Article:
When a teacher at our kids’ school kept saying that families are made up of a man and woman, my nine-year-old daughter raised her hand and said, ‘my dad is a they.’ It’s not like I sat her down one day and said, ‘if anyone calls me a he, can you please interrupt that thought.' It was very validating to me as an individual. And it was a very proud parenting moment because our kids don't love to speak in front of people. For her to feel it was important enough to speak up in front of her class showed me that we are raising people who can be educators. If they speak up for me, they can do it for their friends as well.
From an early age, we have tried to build a relationship with our kids by being open and creating a space for them to come to us with questions and have honest conversations. It was pretty cool to see that just by talking about different family structures, our kids have grown up to understand that you can't say family is made up of mom and dad, or man and woman, or that all relationships are monogamous. We never make assumptions about what another family structure might look like. In our house, there are no defined roles that are exclusively a ‘dad’ or ‘mom’ thing. It definitely takes work because it doesn't take long to realize that most of what is shown in the media is that mom-and-dad family, so even when you see a positive representation of dads, it still just barely scratches that surface.
We come up against people who have different views a lot and most of the time it’s not even intentional. Sometimes our kids come home with things that they have heard from classmates, but it’s understanding that not everyone raises their children the same way. Our kids tend to have access to a lot of information that many kids their age don’t. For us it’s just trying to make sure our kids understand the difference between when to speak to your own experiences - and I think my daughter did a great job when she explained our family and me being non-binary to her class.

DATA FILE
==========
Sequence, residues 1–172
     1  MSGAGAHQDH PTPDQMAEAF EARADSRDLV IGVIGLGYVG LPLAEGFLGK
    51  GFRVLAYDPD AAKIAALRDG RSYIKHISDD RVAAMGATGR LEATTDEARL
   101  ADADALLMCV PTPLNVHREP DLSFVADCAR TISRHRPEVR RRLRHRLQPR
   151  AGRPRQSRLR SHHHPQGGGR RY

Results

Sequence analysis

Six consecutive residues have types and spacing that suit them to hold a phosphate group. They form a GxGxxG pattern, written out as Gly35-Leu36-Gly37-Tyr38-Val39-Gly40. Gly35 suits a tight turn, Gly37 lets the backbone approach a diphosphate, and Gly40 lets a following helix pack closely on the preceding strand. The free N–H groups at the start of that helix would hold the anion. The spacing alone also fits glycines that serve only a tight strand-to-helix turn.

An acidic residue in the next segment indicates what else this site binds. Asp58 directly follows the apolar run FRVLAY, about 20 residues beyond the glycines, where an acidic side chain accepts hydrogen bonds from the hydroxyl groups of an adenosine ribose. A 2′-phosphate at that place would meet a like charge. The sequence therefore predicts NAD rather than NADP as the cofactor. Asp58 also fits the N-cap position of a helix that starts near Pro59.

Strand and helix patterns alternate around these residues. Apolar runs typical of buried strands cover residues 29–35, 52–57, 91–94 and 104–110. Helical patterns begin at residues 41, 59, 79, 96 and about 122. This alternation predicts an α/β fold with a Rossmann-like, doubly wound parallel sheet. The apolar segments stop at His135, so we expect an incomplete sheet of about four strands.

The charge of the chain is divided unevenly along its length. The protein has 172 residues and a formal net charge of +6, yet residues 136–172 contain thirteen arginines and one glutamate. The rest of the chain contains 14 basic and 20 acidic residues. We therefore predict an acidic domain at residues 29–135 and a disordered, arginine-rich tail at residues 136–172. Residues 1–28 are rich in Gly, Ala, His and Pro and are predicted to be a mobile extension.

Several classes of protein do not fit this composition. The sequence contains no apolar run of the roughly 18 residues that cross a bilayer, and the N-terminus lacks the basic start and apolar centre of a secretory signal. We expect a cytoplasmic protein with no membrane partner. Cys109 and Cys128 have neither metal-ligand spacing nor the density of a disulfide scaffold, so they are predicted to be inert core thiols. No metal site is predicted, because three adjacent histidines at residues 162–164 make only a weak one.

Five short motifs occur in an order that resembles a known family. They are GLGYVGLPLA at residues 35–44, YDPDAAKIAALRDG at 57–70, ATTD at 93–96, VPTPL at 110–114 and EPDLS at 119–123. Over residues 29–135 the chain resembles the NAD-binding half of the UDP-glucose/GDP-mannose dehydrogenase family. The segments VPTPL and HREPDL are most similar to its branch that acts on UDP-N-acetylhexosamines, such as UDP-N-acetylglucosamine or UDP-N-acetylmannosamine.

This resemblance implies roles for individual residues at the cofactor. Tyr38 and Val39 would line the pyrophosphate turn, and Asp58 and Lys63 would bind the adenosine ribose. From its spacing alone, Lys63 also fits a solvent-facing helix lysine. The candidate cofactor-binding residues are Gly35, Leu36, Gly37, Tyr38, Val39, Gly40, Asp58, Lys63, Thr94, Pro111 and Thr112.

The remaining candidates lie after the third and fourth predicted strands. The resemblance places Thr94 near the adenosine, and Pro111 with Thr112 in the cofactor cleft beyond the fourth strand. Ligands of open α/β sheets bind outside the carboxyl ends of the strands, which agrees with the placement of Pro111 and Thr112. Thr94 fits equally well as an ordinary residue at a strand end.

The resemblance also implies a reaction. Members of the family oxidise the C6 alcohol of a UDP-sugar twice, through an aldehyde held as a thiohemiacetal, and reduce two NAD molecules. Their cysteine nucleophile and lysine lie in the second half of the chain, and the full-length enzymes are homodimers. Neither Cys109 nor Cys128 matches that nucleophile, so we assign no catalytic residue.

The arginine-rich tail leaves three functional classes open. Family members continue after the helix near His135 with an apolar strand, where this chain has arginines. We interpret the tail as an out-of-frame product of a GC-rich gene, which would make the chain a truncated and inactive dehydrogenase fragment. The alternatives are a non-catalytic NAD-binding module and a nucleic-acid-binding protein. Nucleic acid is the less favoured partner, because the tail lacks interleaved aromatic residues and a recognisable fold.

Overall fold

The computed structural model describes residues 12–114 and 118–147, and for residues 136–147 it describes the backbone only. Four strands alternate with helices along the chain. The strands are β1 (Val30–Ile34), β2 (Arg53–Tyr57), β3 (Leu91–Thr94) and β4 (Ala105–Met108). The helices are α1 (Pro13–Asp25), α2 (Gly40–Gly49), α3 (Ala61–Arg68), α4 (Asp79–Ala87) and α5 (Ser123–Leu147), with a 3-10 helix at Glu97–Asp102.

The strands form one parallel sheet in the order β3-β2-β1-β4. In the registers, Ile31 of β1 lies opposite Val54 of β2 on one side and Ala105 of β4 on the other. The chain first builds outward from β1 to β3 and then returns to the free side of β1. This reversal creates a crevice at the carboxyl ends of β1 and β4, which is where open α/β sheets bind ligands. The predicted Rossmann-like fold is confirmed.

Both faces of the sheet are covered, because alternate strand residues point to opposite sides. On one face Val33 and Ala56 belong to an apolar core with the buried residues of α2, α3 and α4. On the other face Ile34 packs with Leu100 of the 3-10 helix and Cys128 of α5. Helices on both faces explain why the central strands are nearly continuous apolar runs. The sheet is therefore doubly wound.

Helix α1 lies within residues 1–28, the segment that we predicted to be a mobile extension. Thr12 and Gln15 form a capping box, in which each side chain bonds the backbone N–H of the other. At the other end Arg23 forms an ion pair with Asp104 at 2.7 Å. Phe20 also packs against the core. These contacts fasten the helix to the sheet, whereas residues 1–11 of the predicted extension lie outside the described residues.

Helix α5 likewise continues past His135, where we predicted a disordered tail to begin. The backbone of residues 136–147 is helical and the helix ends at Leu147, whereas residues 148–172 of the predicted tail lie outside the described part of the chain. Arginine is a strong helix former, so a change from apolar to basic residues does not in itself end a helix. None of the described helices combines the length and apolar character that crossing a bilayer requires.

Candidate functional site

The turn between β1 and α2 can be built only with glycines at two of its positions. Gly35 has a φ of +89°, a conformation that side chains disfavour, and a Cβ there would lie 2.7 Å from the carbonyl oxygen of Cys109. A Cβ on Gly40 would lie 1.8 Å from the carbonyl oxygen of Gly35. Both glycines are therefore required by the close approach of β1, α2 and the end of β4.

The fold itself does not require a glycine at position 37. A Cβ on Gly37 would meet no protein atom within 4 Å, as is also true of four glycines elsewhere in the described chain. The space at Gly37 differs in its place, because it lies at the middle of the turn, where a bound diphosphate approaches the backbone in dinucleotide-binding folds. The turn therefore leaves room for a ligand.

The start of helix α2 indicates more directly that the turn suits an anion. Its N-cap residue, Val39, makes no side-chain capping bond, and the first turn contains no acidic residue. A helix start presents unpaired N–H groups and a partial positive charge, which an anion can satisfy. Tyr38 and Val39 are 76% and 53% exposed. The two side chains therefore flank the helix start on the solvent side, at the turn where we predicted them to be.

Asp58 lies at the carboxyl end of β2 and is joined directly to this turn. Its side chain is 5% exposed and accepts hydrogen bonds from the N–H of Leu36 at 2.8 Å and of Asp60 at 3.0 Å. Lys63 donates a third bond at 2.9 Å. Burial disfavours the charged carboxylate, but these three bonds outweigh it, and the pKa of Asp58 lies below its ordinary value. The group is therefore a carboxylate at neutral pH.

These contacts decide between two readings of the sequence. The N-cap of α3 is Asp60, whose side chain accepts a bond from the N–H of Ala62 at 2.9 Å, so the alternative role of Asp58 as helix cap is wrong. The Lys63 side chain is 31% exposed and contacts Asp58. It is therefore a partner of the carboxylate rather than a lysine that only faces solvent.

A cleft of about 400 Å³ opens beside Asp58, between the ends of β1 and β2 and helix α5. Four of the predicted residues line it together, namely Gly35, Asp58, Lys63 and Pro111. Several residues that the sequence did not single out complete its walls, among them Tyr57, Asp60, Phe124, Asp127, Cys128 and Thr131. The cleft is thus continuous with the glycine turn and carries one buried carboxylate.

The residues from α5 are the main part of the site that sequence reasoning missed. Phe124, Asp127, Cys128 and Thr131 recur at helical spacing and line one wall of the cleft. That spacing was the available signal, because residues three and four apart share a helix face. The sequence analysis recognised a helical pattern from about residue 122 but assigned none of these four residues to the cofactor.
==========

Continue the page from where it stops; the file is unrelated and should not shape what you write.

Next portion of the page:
For me, it’s been all about making sure we have an open relationship where we can all talk about whatever we want. If they come at us with something we don't have an answer to, we don’t say, ‘you shouldn't know about that yet.’ It’s more like, ‘let’s sit down together and figure out the answers.’ That's how I’ve shifted conversations around topics like menstruation. It’s not a conversation dads should be passing up, or not learning about, and it doesn't matter if you only have sons. These kinds of subjects that we have been raised to think of as taboo are the responsibility of everyone to understand and break down that stigma.
I was raised in a Catholic household and went to Catholic elementary school. My parents were and continue to be really great. Although I had never heard the terms non-binary or trans or any of that growing up, nothing was intentionally left out. My parents were very involved. My dad coached a lot of my sports teams and my mom was the guidance counselor at my high school. They gave me the ability to understand that I can change and grow as I get older. So while I wasn't given information specifically around my identity, I was given the building blocks to be able to now figure out what that is. They never boxed me into one thing and that is something I am hoping to do for my kids too.